“Borie said the company would get rebates on a portion of the state withholding taxes collected on employees’ wages.”
    (from http://www.independentmail.com)


  9. Reagen says:

    So how is Stanley a foreign company? I know they moved overseas to dodge taxes, but then moved back after they got called out for it.

  10. Reagen says:

    Nevermind – I missed the news of February.

  11. I freakin’ LOVE the Big Ass Fans. There’s one at the local gym here and it keeps cool air moving across the entire floor that has all the weight lifting gear. I wish all the gyms had them!

  12. zor says:

    They’ve got a big ass fan in the Super-Walmart garden center, too. The kids love it. And that company has been around for a good while which is interesting.

  13. SuperJdynamite says:

    “It’s like going back in time to hear Henry Ford saying I can buy a model T in any color I want … as long as it’s black.”

    The reason assembly-line Model T’s were only available in black had more to do with the technology of the era than anything else. The black finish was Japan Black — an asphalt based finish that could be baked dry in about 48 hours. The other available finishes took weeks to dry.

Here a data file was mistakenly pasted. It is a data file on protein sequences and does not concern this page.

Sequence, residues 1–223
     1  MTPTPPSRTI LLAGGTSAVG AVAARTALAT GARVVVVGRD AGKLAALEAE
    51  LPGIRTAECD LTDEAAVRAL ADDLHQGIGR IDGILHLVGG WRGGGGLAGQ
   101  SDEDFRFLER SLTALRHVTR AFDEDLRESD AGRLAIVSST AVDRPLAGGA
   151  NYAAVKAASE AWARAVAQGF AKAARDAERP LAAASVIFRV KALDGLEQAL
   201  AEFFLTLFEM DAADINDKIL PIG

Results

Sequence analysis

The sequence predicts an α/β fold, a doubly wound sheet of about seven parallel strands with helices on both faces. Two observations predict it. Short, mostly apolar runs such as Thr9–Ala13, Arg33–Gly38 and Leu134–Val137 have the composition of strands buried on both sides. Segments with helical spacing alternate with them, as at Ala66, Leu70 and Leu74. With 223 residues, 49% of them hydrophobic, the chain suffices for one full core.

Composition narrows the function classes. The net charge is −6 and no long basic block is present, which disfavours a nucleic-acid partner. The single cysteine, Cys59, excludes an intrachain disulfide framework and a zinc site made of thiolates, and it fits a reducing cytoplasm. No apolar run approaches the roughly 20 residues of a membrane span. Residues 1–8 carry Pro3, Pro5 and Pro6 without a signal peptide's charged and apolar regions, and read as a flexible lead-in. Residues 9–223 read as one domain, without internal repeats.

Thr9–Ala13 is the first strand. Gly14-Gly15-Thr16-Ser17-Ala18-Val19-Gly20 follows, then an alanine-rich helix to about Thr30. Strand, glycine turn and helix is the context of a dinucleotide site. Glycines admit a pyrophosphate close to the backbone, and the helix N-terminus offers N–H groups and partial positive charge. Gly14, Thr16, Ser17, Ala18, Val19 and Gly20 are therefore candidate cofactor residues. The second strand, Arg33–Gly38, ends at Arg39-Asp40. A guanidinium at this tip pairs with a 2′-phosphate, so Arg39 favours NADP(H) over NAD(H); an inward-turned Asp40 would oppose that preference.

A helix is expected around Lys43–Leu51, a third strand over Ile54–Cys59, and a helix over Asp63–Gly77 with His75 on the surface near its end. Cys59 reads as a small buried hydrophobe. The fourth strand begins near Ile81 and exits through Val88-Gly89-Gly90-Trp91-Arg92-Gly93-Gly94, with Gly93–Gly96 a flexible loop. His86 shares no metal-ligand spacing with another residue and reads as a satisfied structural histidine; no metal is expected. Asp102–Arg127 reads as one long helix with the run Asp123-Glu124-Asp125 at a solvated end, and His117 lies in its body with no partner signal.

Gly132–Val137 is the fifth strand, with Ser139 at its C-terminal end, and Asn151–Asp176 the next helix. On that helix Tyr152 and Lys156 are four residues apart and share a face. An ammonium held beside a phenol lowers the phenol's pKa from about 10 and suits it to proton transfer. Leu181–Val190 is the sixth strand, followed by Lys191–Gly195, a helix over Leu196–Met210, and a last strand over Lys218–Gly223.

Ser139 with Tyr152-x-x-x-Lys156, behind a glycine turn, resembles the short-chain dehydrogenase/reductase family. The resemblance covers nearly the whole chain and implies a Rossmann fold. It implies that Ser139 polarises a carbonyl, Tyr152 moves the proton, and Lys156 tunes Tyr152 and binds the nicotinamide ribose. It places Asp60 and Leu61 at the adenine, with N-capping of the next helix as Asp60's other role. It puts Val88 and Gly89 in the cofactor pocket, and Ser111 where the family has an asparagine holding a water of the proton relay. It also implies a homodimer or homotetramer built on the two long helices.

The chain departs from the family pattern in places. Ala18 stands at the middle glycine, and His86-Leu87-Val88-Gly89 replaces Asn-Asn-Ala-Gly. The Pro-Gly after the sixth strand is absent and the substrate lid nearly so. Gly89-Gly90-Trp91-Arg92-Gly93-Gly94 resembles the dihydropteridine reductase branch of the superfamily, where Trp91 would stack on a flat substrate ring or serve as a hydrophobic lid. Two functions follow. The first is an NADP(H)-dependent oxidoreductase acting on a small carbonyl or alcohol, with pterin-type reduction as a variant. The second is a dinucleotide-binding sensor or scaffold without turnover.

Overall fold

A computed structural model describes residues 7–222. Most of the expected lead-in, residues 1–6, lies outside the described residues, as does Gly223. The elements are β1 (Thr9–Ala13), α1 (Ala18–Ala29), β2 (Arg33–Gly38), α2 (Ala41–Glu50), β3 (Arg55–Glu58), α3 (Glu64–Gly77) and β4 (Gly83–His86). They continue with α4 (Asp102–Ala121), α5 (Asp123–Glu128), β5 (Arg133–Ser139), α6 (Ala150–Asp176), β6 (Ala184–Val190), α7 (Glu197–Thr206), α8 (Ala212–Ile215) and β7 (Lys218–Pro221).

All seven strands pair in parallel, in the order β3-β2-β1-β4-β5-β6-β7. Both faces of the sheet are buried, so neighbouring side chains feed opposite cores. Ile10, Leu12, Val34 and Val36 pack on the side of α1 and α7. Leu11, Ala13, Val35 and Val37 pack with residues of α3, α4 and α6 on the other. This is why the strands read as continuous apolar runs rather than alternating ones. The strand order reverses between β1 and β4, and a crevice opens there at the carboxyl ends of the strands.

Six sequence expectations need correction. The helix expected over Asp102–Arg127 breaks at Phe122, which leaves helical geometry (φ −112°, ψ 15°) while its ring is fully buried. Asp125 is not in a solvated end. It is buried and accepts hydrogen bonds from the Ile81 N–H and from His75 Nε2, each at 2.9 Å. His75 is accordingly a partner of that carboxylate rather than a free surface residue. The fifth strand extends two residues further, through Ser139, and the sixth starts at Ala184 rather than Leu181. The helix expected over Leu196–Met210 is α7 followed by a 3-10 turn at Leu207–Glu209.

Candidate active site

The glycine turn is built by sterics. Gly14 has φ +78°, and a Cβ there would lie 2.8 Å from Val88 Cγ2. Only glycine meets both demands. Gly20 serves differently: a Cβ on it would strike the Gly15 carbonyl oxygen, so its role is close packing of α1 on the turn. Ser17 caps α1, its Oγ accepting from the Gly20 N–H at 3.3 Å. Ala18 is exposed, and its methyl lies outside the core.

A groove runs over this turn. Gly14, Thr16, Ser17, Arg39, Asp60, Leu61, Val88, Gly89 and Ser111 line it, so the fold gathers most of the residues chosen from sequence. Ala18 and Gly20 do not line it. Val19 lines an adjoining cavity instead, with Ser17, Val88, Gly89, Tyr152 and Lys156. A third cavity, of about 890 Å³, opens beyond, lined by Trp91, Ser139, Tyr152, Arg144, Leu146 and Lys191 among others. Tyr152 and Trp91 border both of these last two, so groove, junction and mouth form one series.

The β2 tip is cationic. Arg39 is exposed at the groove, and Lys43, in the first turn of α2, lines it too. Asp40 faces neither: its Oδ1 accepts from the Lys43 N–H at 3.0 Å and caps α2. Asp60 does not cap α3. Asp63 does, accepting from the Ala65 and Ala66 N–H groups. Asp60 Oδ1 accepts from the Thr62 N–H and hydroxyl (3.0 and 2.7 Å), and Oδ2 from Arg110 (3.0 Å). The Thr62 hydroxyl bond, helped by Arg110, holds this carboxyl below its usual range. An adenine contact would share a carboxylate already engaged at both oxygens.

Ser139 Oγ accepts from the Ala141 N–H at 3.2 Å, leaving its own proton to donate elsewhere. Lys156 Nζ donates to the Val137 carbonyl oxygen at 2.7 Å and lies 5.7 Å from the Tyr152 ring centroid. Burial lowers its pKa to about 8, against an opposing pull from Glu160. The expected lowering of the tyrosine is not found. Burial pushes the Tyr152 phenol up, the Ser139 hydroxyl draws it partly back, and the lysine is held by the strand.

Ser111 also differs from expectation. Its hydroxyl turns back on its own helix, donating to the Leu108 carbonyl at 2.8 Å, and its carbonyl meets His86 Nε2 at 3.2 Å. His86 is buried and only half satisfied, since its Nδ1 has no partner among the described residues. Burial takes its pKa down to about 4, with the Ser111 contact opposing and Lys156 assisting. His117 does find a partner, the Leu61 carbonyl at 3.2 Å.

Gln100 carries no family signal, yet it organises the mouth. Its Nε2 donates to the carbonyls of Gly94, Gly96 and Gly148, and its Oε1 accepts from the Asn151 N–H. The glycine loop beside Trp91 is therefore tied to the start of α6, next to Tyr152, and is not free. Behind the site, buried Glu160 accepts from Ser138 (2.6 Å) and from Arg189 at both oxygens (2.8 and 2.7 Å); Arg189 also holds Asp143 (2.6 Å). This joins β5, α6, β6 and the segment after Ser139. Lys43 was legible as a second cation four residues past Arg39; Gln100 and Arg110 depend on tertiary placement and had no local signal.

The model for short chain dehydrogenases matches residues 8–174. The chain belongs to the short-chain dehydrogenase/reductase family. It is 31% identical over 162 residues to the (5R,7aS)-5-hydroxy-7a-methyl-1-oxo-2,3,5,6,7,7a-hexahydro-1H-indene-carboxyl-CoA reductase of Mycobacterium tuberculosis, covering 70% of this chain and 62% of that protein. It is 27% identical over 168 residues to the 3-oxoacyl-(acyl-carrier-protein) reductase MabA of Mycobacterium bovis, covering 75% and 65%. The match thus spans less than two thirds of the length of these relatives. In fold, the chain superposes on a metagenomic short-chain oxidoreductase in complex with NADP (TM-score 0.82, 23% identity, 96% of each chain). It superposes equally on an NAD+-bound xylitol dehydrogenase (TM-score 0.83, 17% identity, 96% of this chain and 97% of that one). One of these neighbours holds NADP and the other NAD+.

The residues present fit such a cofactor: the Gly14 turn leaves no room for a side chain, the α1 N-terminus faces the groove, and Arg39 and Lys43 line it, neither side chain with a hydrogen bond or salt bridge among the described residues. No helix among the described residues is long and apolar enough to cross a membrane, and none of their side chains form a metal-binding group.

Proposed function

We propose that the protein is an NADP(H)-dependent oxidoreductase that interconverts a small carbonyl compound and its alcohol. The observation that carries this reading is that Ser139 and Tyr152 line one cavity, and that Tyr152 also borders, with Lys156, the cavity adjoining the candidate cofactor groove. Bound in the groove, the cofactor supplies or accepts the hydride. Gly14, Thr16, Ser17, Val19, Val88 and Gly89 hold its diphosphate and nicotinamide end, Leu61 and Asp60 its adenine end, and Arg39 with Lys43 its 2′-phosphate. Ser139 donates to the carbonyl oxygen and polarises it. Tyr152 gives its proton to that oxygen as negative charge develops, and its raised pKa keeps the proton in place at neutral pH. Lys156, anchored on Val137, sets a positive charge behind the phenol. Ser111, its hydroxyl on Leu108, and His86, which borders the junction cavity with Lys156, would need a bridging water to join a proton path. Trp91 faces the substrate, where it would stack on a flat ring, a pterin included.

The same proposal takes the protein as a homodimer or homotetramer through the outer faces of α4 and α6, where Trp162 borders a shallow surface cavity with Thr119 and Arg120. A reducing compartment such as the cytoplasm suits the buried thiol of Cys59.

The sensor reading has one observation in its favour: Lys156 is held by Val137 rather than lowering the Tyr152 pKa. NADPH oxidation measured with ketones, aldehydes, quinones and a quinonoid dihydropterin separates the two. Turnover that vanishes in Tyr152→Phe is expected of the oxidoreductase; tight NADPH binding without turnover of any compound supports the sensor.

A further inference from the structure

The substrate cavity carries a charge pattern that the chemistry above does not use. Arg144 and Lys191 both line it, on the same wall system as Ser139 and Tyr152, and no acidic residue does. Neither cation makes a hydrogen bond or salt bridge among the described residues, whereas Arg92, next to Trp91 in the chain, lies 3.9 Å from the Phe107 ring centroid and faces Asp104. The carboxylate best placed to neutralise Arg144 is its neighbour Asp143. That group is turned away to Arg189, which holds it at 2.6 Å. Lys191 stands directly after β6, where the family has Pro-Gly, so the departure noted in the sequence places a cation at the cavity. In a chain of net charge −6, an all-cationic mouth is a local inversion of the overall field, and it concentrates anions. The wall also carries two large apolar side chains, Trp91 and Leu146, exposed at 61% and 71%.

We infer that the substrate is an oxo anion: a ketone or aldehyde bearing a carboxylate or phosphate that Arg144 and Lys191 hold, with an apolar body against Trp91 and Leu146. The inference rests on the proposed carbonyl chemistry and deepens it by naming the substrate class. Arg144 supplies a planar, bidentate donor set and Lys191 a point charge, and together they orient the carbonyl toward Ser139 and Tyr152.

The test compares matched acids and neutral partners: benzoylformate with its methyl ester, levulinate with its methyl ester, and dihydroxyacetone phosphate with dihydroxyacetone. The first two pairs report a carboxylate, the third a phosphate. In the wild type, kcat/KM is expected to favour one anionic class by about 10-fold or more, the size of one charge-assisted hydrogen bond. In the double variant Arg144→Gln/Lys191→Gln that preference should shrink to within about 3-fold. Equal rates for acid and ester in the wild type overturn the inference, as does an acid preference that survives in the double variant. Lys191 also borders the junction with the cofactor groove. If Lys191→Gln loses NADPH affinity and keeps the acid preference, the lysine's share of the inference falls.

If you’re putting together an assembly line and all the steps take a few hours tops except for the last which takes two weeks then the effective time to produce one unit becomes two weeks. If you replace that final step with one that takes 48 hours then the effective time to produce one unit would drop to 48 hours. The attractiveness of the lower unit production time is why assembly-line Model T’s were only available in black.

  14. Toolfreak says:

    @ Brau

    It’s pretty sad none of those stores carry Jif or Peter Pan.

    Those are pretty much the biggest names in PB.